It may seem impossible to believe but 15 years from now a future employer may be Googling your name and finding the mean comments you left all over YouTube, or the crazy photos you posted on social media, and thinking you may not be the best person to hire for a job! More importantly for today though, the things you are posting now will find their way back to parents and teachers. Here are some tips from safesitter.org to making sure that the tracks we leave online are the good kind!
So let’s think about some places online we need to be extra careful…
- Never share private information like your address, full name, school, phone number, or email in a game chat.
- Don’t make rude or mean comments in a game chat. Not only will it get you banned from the game, it will be permanently logged.
YouTube, TikTok, and Social Media Comments
- The comments you post online should be supportive and kind. Hurtful comments can never be erased, even if you delete the post. It is very easy for others to screenshot and share the things you’ve posted.
The Sites You Visit
- Make sure you are visiting sites that are appropriate and approved by parents and teachers. Every site you visit shows up in your Search History and can be seen by parents and school administrators.
Your Messenger Chats
- Most parent-approved texting apps like Messenger Kids allow parents to see every chat. Other chat apps allow friends and family to screenshot and save messages. So be aware of the kinds of photos and messages you are texting with others. What you say today may be online forever.
Your Social Media and Blog Posts
- Make sure that all of the videos, photos and posts you put online are ones you’d be happy to share forevermore, because that is how long they will be searchable online!
- Never post pictures of your friends without their permission.
- Make sure you have parental permission to be posting certain kinds of posts on the internet.
You might have heard that there are some very commonly used passwords that you should never use because they are very easy for hackers to figure out. Passwords we should never use include;
- your pet’s name
- your own name
- your siblings name
- your birthday
- your street name
But how do we create a strong password and keep them safe? This video slideshow will help you learn some easy tricks to creating and protecting your passwords.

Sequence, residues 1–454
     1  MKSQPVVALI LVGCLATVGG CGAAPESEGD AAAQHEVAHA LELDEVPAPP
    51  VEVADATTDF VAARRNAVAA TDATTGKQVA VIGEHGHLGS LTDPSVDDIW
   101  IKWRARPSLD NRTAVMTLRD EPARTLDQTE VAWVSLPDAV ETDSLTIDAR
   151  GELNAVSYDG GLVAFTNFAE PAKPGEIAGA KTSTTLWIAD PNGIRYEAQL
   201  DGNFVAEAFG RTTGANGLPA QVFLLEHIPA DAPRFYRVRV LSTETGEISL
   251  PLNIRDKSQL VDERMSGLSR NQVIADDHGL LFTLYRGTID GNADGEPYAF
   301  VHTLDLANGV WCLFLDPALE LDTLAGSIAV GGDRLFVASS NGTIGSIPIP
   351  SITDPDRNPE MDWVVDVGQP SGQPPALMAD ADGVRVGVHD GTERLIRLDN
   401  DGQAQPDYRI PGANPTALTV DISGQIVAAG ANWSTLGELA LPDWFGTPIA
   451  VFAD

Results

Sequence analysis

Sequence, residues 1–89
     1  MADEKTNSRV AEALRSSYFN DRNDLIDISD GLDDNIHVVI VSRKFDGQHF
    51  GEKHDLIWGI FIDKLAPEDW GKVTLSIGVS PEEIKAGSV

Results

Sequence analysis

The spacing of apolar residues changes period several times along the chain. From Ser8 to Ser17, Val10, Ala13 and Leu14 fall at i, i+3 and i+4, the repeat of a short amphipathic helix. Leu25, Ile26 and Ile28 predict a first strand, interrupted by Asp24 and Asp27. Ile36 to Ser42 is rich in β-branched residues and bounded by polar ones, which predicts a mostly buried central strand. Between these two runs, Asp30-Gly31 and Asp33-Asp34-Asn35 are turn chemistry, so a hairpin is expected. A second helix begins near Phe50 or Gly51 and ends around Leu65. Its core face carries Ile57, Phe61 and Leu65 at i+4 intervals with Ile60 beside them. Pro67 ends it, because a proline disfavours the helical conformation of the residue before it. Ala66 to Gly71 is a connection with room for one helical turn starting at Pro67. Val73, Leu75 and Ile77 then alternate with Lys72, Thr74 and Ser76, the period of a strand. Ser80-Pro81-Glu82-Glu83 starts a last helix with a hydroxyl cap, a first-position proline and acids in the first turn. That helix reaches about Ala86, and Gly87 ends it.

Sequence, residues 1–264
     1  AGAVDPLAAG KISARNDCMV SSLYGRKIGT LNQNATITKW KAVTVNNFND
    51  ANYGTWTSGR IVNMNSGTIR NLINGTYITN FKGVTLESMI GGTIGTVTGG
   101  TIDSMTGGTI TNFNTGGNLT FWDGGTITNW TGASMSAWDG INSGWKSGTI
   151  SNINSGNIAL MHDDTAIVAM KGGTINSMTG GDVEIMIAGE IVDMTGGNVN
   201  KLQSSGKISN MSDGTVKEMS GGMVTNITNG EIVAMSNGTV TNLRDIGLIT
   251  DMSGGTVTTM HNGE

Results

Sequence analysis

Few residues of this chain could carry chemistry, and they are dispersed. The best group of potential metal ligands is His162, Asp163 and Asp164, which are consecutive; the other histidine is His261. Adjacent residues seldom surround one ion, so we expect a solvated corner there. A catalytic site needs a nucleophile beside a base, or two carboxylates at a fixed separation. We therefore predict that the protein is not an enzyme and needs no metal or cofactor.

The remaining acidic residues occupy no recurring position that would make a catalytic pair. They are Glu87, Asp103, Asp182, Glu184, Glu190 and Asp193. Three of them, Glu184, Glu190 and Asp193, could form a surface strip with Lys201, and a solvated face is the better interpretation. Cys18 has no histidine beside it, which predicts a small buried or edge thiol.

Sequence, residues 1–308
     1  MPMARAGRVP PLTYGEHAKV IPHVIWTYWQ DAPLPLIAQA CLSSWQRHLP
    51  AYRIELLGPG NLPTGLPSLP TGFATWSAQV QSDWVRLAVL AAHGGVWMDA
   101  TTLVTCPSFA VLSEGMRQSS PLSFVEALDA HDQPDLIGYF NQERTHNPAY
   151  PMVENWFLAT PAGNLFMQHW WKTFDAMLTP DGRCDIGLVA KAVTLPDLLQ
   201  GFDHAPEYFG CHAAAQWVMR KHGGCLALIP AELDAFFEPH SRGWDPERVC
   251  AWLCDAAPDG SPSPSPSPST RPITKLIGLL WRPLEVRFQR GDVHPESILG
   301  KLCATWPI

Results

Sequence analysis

We are going to learn how to create a super strong password by playing the game Password Protect on the Common Sense Education website. Remember, when you are finished, don’t share your super strong password with anyone except for your parents or teachers!
Middle School Digital Literacy Lesson
Or maybe you were talking about something with your device near at hand, and then noticed an ad for something connected to what you were talking about an hour later. Coincidence? Not at all. This video explains how and why this happens, and what exactly a cookie is.
After watching the video, I want you to pair up with a friend who you share often with on social media. Imagine you are trying to collect data from each other’s information to target them with ads. What can you find out about your friend that would help you target products to them? Example: I notice that my friend is always posting photos of her dog online. If I were an advertiser, I would target her with ads for fancy dog toys, furniture, and biscuits. She often comments about how much she misses her family in Israel. I would target her with ads for chat products like Houseparty, Zoom, etc… See how many you can come up with. Write them in a Google Doc and submit to firstname.lastname@example.org
By now you are all amazing digital citizens when you’re online; you protect your private information, you don’t post mean comments on other people’s blogs, photos, or videos. You are careful about the websites you visit and you balance your time online. Now let me ask you this…
Do you remember to be a good digital citizen while you’re gaming?
What I mean by that is, when you are playing a game online like Roblox, Fortnite, or other games where you interact with other players online, are you remembering your online safety and digital citizenship rules?
You are playing a game in which players can chat with one another and you make a new friend. This friend starts asking you personal questions like ‘what school do you go to?’ and ‘what’s your address?’
What do you do?
Answer: It is great to make new friends online, but we still need to make sure and always protect our personal information. Don’t tell strangers where you live, what school you go to, personal passwords, your full name, etc… It is never safe to share this kind of information online.
During a game you notice one character won’t leave you alone. They are continuously attacking your player or making rude comments to you in chat. You really want to be mean back but you are afraid to get reported and blocked.
What do you do?
Answer: Don’t retaliate (i.e. be rude back.) Just report the players behaviour to the game and show your parents or teachers. These kind of players will end up getting blocked (kicked-out permanently) from the game. Better them and not you. After reporting them, log out for a while and try again later.
You have been playing a game for over an hour and you still can’t beat a certain level. You notice your anger level spiking really high. Your little brother keeps coming in your room and distracting you and you want to yell at him because it’s his fault you can’t beat the level.
What do you do?